Wearing a helmet is only a recommendation. | Gemma Marchena


In 2020, when there was confinement for a period of time because of the pandemic, the Balearic health emergency service dealt with 258 people who had been involved in an electric scooter accident. In 2021, the number rose to around 400, and last year it shot up to 696.

A campaign to try and ensure that scooters aren't used in spaces intended for pedestrians has been started by a Palma woman, María Fuster, who was knocked down and seriously injured by a scooter. However, of the almost 700 people involved in accidents in 2022, only 18% were as a result of being run over. The medical director of SAMU061, Dr. Txema Álvarez, says that the most common cause is because people have fallen off a scooter or have, for example, hit a lamppost. These can be "high-energy impacts because they are going at high speeds".

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In 54% of cases in 2022, people suffered damage to limbs, while 31% suffered a head injury. "Wearing a helmet continues to be a recommendation, not a requirement", notes Dr. Álvarez. Two patients last year ended up in wheelchairs.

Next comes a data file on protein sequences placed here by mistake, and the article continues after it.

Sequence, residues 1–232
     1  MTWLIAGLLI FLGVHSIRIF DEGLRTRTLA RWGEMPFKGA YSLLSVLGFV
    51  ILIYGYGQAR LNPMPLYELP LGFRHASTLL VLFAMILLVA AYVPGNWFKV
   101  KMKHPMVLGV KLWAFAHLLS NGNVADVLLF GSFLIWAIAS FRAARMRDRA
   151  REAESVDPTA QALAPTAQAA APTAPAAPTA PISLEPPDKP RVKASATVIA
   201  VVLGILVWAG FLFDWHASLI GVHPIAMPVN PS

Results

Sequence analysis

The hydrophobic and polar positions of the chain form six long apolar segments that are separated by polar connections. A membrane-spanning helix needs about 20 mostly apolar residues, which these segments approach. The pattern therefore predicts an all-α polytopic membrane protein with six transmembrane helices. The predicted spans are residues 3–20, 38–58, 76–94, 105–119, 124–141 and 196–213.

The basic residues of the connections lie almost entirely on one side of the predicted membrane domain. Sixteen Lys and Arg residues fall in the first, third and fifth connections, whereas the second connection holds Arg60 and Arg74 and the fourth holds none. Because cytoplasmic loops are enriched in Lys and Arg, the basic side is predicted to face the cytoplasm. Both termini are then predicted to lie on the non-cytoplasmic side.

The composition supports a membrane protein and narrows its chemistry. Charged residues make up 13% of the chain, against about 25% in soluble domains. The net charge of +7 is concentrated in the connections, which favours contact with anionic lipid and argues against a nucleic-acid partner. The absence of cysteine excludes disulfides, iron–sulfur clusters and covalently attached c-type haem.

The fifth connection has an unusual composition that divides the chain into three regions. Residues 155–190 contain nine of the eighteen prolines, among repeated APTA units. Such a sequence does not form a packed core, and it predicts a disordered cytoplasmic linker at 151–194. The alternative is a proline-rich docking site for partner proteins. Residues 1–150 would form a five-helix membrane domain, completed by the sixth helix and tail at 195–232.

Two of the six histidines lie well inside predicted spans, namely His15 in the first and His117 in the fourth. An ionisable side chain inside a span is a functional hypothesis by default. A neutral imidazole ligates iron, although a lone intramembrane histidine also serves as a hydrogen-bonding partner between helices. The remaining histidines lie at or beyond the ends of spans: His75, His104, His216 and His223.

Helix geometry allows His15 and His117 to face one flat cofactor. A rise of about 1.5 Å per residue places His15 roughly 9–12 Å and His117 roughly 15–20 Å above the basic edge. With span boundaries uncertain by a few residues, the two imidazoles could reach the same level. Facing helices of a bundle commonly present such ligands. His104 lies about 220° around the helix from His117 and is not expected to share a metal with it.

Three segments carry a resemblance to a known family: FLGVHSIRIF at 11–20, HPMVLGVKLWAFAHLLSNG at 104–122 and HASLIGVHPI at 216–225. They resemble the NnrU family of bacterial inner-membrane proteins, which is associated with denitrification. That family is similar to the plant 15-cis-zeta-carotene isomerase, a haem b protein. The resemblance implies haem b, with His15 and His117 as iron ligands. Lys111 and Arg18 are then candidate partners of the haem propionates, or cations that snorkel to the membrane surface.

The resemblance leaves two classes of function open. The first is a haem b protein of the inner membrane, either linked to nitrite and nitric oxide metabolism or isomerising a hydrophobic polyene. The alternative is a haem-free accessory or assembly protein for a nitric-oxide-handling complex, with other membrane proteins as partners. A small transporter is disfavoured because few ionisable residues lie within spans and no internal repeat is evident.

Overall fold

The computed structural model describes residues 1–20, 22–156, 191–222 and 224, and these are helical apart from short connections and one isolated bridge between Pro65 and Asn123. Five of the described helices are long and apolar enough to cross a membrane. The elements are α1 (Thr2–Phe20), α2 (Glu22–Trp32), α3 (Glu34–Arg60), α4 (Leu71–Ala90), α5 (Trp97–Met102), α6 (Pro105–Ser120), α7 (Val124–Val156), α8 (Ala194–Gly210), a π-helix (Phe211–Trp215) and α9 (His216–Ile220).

The doctor also points out that five per cent of patients taken into intensive care have drug or alcohol poisoning. "They feel more immune to being stopped by a police control. Then there is the fact that scooters are sold as being recreational."

A particularly troubling development concerns the age of patients. The greatest increase in the number of accidents relates to ages 10 to 20. But the legal age for riding an electric scooter is 16.